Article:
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Effect of summertime wind conditions on lateral and bottom melting in the central Arctic

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Abstract:

To understand the role of wind conditions on the summertime surface ocean system, the ocean, ice and atmosphere in the central Arctic Ocean were observed using two drifting buoys, one in 2002 under stormy conditions, one in 2003 under calm conditions. Although the ice concentration near the North Pole was the same in 2002 and 2003 during early summer, the heat used in bottom melting in 2003 was only about half of that in 2002. To obtain the total heat input into the upper ocean, heat used in lateral melting was additionally derived from a time series of ice concentration in 2002. Assuming the same heat input into the upper ocean, the heat used in lateral and bottom melting was estimated and compared between the years. It is thought that the warm fresh water embedded within the ice cover was mixed downward during the frequently stormy mid-summer of 2002, enhancing bottom melting. By contrast, the warm water in 2003 tended to be used for lateral melting due to the relatively calm conditions, suggesting that a continuously weak wind favours ice-cover decrease during summer. A simple calculation of the ice-cover evolution reveals that the difference in ice concentration during August between 2002 and 2003 reached 10%, which is consistent with the satellite-derived ice concentration.

Document Type: Research Article

DOI: https://doi.org/10.3189/172756406781811231

Publication date: 2006-11-01

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  • The Annals of Glaciology is a peer-reviewed, thematic journal published 2 to 4 times a year by the International Glaciological Society (IGS). Publication frequency is determined and volume/issue numbers assigned by the IGS Council on a year-to-year basis and with a lead time of 3 to 4 years. The Annals of Glaciology is included in the ISI Science Citation Index from volume 50, number 50 onwards.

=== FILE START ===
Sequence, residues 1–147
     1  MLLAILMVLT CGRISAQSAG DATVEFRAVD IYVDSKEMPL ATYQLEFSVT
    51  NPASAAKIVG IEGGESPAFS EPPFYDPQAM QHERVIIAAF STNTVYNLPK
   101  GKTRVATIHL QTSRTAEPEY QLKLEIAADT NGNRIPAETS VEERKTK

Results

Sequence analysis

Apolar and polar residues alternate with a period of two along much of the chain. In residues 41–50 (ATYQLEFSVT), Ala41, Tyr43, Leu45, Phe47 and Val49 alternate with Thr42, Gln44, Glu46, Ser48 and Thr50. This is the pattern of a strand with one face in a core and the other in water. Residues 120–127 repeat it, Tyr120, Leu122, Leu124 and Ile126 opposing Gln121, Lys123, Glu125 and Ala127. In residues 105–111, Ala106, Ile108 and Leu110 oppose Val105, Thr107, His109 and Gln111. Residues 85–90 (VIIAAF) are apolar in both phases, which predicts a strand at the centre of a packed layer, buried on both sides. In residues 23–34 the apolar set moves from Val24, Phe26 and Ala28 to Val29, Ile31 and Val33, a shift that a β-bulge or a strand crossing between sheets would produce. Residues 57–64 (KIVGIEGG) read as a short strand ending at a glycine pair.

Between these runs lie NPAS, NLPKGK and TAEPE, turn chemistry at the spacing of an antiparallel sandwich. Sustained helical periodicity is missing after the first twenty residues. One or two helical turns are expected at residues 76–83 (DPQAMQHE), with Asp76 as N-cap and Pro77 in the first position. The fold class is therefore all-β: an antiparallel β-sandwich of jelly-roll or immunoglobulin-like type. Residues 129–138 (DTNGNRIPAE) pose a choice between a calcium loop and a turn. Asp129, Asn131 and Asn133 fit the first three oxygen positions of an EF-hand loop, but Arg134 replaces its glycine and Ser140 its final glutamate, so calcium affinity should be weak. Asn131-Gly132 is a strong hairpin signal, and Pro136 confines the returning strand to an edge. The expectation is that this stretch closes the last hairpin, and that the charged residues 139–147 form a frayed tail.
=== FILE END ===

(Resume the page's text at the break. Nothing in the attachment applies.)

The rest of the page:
Themes can be on any aspect of the study of snow and ice. Individual members can make a suggestion for a theme for an Annals issue to the Secretary General, who will forward it to the IGS Publications Committee. The IGS Publication Committee will make a recommendation for an individual themed Annals issue, together with a potential Annals Chief Editor for that issue, to IGS Council. The IGS Council will make the decision whether to proceed, taking into account the spread of topics and the overall capacity for publication of pages in Annals.

    Beginning in 2016, content will be available at https://www.cambridge.org/core/journals/annals-of-glaciology.

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